- Once you’ve confirmed your helpdesk platform, you’ll be asked how you’d like to populate tickets using the Google Form responses. This will vary slightly depending on the heldpesk platform you’re working with, but will consist of things like:
- Which queue will receive the tickets from your Form
- The title of your ticket
- Priority level
- Displayed user email
- Due date
- Schedule date
- The description (the main body) of the ticket being submitted
The most important step here is to set the description to be populated using the “Content” option. By choosing content, you’re telling Zapier to take you all of the specific Form responses from that ticket, and paste them in as text in the body of the ticket.
The rest of this step leaves creativity up to you—you can choose to have all tickets be named after the user submitting them, you can choose that all tickets come in at “normal” urgency instead of high priority, and so on.
- When you’re happy with how the ticket is set up, you can click “Continue”, and Zapier will show a preview of how a ticket will appear when it hits your helpdesk platform, and then ask if you’d like to send a test ticket to the platform immediately, to see how it works.
- Zapier will then ask you if you’d like to add another step to your zap (you can chain multiple actions together to create complex workflows, but that’s better saved for another post). Once you’re done fine tuning, you can click “Finish” and the Zap will be active and functioning!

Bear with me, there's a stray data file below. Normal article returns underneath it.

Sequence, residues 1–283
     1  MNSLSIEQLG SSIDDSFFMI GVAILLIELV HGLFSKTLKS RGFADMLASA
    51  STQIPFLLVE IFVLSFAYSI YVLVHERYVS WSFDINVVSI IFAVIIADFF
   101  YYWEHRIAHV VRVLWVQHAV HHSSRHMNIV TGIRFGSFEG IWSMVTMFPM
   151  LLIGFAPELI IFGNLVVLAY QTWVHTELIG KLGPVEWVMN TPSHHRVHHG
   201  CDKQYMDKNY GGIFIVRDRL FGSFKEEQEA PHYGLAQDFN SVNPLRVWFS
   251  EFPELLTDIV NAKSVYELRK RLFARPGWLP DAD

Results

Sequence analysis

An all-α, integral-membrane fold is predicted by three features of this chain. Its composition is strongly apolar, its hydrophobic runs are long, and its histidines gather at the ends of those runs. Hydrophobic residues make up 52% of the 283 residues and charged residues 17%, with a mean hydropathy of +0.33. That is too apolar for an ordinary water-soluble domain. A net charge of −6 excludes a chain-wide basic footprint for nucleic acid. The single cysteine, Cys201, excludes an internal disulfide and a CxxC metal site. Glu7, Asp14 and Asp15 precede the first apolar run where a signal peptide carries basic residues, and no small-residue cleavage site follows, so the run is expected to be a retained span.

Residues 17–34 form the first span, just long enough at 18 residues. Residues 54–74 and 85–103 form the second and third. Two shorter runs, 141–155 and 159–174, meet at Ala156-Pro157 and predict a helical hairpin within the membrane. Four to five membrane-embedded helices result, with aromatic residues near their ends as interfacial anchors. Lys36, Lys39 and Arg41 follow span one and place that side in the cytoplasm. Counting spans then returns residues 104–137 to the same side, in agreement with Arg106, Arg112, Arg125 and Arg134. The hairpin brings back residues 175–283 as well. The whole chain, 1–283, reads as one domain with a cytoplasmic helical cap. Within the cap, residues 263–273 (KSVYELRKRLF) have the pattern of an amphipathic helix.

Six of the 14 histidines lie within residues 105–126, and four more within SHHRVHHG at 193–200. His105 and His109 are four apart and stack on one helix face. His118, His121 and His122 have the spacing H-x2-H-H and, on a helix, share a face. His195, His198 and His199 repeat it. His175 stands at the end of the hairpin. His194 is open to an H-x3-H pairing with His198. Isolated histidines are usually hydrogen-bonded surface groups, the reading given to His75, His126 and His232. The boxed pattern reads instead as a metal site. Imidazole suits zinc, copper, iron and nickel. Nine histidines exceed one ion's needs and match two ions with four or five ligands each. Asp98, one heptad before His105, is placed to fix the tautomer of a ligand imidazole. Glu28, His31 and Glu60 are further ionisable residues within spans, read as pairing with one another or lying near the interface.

Select an Action
Populate the Ticket
See how Newmind Group does it
We use Google Forms as custom tickets with our clients. When they need to request a new user account, they’re given a link to this form which asks for the exact details we need to fulfill that request.
As soon as the user clicks “Submit”, Zapier grabs the responses and uses them to populate a ticket in Zendesk, our helpdesk management platform of choice. Our team receives the details in our helpdesk queue, where it appears as a normal ticket, with all the details we need to get a new account open quickly.
So what’s the final result?
A happy user who gets their help faster, without needing to reconnect with the helpdesk to clear up specifics.
Zapier is compatible with dozens of other apps you can link with Google Forms, too—Trello, Hubspot, Base CRM, Slack, Gmail, and hundreds more.
As you use integration tools to get your tedious tasks to run in the background, the value you can bring to work will skyrocket. We’d love to take a look at your team’s day-to-day and help you find ways streamline the little things. Give us a call.